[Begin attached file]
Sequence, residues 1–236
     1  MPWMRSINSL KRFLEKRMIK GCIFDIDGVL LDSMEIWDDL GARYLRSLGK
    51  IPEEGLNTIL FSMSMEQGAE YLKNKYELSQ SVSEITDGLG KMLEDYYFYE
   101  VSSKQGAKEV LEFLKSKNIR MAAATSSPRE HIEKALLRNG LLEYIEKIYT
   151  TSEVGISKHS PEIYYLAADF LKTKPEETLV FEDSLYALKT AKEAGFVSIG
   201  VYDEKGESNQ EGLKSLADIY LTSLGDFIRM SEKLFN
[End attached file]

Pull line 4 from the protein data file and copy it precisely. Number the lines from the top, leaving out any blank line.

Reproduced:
   101  VSSKQGAKEV LEFLKSKNIR MAAATSSPRE HIEKALLRNG LLEYIEKIYT